Vampires: Folklore Throughout the Ages.
What, exactly, is a vampire? (Thompson: Motif E 251. Vampire- Corpse which comes from grave at night and sucks blood). Does a vampire require a long black cape, fangs, and a mansion in Transylvania? Or can a vampire be any undead person roaming around somewhere between the grave and the netherworld? Is a vampire a possessing spirit out of the graveyards of Ancient Greece, or a leather-clad biker with fangs that appears on nearly every episode of "Buffy the Vampire Slayer"? The origin and concept of vampires has puzzled historians and folklorists alike for ages. Many are not even sure as to the origin of the word "vampire". One would believe that the origin, like the mythical creature, emerged from the dark woods of the Greek and Rumanian countryside. However, according to Katharina Wilson, "Both linguistic studies concerning the etymology of the term "vampire" and the first recorded occurrences of the word in major European languages indicate that the word is neither Hungarian nor Rumanian" (577). Wilson goes on to note that the word "vampire" seems to have originated either from the Turkish word for "witch", the Greek word which means "to drink", or is possibly a combination of several Slavic terms, including upir ("witch"), wempti ("to drink"), and pirati ("to blow") (577-78).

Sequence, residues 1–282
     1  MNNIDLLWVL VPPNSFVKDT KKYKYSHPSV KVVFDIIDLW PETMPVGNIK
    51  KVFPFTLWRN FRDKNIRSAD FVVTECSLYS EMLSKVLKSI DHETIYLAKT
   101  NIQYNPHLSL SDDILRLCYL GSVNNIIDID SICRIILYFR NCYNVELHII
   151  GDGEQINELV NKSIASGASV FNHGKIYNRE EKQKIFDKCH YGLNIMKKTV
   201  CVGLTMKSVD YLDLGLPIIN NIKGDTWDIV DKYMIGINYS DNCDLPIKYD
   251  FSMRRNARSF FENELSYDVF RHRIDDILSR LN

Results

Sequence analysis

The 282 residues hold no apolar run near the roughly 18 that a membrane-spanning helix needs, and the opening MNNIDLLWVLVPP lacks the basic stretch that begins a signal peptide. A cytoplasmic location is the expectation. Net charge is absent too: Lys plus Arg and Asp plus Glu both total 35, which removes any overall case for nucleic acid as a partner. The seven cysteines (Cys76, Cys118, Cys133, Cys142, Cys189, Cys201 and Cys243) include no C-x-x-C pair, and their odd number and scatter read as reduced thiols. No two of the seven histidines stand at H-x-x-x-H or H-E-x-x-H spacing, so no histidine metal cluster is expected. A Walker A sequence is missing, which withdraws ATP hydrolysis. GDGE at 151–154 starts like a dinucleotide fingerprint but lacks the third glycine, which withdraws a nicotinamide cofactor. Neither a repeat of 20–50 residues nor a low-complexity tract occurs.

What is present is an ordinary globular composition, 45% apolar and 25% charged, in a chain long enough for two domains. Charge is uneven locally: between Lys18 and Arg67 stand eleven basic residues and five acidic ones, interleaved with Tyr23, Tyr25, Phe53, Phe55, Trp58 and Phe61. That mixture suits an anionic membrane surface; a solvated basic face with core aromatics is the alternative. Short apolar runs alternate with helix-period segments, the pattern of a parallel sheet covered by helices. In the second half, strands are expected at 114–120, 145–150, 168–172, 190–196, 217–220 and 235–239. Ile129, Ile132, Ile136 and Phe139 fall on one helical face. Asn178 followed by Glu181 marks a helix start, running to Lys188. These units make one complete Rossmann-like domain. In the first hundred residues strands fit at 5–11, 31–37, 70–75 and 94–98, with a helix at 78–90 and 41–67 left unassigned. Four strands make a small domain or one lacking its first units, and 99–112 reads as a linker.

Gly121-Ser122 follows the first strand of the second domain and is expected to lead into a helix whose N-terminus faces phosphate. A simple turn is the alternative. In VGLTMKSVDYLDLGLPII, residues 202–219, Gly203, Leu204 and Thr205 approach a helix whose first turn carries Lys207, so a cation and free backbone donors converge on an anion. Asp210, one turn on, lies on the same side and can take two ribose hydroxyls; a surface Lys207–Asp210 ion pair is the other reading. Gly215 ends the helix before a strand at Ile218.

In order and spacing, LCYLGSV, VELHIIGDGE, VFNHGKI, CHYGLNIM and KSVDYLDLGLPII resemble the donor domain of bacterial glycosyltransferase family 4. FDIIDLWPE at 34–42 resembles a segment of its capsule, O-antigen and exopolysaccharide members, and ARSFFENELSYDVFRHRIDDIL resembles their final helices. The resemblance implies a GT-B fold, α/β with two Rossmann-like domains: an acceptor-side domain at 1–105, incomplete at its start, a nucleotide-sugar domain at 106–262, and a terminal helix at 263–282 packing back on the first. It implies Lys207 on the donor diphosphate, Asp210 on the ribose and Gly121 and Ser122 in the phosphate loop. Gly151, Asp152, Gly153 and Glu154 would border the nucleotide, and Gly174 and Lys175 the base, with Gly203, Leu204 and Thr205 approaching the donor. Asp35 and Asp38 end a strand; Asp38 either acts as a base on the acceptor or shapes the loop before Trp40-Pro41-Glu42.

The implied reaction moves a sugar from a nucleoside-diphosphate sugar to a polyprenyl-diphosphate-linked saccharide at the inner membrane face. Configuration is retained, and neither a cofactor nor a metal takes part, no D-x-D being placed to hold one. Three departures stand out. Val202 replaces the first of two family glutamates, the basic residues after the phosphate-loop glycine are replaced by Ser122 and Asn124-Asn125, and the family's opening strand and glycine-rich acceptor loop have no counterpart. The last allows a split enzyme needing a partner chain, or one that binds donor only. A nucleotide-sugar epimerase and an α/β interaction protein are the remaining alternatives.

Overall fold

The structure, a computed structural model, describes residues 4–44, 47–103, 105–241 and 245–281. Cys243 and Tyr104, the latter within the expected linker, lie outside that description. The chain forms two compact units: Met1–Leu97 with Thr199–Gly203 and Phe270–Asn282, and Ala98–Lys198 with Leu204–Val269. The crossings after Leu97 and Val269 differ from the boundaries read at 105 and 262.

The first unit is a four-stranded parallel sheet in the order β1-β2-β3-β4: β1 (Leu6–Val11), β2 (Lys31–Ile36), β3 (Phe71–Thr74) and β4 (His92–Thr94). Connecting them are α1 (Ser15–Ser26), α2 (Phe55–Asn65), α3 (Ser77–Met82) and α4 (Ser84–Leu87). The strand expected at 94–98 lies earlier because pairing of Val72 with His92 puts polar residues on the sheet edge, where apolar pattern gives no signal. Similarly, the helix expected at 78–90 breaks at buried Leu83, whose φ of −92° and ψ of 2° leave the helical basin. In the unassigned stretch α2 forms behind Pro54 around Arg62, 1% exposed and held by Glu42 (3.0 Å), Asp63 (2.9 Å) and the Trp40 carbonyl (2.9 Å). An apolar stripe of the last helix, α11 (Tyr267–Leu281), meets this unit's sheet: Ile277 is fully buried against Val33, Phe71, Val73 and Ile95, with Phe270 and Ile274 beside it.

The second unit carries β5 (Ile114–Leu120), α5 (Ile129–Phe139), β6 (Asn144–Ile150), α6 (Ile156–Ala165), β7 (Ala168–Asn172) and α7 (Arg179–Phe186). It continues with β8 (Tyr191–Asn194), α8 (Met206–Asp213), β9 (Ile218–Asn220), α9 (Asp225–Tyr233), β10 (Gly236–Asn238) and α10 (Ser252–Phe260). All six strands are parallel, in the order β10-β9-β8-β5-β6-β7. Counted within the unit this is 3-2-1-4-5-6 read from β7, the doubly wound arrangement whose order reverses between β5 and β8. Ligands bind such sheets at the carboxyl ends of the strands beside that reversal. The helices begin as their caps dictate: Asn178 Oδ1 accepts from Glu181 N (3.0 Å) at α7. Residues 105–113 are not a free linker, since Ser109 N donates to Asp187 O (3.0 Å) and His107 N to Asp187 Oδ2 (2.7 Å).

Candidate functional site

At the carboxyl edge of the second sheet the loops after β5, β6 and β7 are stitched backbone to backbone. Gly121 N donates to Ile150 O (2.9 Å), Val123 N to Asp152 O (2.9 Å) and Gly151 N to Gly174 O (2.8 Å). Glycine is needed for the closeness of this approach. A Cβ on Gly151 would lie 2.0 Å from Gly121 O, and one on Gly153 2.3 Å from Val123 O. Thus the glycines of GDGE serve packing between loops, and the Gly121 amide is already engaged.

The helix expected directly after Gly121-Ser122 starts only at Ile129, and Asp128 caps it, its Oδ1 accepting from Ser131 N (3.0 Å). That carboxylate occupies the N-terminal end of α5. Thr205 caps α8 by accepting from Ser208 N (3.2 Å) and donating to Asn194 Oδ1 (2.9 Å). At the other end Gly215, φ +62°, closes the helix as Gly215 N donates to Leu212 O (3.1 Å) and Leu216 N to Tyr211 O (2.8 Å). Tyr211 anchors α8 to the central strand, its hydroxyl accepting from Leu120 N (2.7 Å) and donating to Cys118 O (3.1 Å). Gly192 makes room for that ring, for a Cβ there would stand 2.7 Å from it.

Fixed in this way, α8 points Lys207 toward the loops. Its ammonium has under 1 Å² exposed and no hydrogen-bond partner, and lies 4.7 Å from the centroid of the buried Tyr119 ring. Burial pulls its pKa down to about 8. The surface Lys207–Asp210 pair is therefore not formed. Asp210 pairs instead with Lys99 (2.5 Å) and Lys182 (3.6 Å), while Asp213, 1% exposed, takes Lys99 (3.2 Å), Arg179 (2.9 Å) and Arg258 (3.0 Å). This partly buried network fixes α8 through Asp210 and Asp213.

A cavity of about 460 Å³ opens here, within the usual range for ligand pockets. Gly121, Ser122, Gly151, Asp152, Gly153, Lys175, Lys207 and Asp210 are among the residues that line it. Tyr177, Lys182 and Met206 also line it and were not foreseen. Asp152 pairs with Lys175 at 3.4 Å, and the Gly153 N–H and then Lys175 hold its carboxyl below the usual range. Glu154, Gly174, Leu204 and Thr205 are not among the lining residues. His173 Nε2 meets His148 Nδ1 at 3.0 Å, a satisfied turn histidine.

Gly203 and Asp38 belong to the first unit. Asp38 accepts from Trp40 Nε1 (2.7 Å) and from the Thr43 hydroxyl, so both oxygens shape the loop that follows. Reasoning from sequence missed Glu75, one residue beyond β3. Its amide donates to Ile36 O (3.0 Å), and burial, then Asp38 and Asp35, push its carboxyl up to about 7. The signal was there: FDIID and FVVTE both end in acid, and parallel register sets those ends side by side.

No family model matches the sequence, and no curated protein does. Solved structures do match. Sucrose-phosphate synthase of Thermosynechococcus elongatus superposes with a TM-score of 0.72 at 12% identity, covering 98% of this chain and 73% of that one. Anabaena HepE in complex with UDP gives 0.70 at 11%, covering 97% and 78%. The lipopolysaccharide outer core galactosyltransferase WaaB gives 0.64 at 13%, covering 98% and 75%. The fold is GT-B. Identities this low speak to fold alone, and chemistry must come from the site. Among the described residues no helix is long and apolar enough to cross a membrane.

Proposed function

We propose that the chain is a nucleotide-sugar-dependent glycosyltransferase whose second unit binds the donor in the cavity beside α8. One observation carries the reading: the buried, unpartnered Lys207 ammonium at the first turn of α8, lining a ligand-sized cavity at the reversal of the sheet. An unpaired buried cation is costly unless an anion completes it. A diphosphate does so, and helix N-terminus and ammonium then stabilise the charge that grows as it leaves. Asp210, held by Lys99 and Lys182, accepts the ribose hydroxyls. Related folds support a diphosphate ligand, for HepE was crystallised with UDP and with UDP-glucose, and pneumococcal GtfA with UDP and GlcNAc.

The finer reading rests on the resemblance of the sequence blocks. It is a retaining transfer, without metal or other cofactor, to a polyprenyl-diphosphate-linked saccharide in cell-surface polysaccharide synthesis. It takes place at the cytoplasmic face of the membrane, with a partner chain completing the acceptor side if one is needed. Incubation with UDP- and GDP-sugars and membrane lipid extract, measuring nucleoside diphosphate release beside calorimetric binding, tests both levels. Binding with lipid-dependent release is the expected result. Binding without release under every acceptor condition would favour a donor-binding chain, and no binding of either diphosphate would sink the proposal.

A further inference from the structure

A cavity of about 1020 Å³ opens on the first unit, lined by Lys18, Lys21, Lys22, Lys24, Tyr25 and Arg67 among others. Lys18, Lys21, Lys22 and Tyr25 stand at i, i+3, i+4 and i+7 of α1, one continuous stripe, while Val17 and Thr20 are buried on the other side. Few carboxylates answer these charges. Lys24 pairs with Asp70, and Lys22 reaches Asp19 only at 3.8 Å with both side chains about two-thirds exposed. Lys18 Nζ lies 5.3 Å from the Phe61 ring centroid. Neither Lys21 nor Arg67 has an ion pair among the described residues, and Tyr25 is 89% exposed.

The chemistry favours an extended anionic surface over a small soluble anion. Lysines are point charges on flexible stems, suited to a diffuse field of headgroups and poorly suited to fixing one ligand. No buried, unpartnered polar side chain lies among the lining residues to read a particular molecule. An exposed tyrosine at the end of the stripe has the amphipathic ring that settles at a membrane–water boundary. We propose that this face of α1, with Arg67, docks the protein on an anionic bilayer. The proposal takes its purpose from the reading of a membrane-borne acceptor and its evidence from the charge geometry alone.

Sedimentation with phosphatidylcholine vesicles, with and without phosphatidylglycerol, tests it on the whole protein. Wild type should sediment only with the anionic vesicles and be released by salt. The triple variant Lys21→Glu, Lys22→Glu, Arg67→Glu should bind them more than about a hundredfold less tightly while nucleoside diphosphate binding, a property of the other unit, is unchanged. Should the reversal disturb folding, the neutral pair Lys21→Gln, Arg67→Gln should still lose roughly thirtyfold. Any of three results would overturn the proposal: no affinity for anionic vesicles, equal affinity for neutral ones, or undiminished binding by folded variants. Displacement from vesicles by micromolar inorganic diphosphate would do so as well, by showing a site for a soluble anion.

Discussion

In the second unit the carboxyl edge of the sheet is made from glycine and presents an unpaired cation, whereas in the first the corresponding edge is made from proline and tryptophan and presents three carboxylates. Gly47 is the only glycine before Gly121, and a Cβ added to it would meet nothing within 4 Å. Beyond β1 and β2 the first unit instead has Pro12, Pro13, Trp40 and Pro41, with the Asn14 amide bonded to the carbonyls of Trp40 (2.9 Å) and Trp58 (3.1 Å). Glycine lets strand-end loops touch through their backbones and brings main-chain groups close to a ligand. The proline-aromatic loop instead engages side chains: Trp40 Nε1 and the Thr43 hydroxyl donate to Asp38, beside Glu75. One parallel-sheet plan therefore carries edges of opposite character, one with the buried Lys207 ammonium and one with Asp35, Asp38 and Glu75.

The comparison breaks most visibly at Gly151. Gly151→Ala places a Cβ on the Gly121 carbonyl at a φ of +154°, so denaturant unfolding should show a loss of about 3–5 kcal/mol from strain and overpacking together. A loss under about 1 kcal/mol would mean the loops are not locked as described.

There has recently been an influx of vampire folklore in popular culture. With the advent of television shows such as "Buffy the Vampire Slayer", fictional horror novels including Joel Schumacher's The Lost Boys and the series of vampire novels by Anne Rice, and movies such as "Interview with a Vampire" and "Bram Stoker's Dracula", one would believe that vampire appearances are just as common now as they were in the Middle Ages. With the sudden popularity of vampires in the media, historians and other professionals in the field are growing increasingly wary of the drastic digression from the historical accounts of vampires which have been reported from as early as the 3rd century B.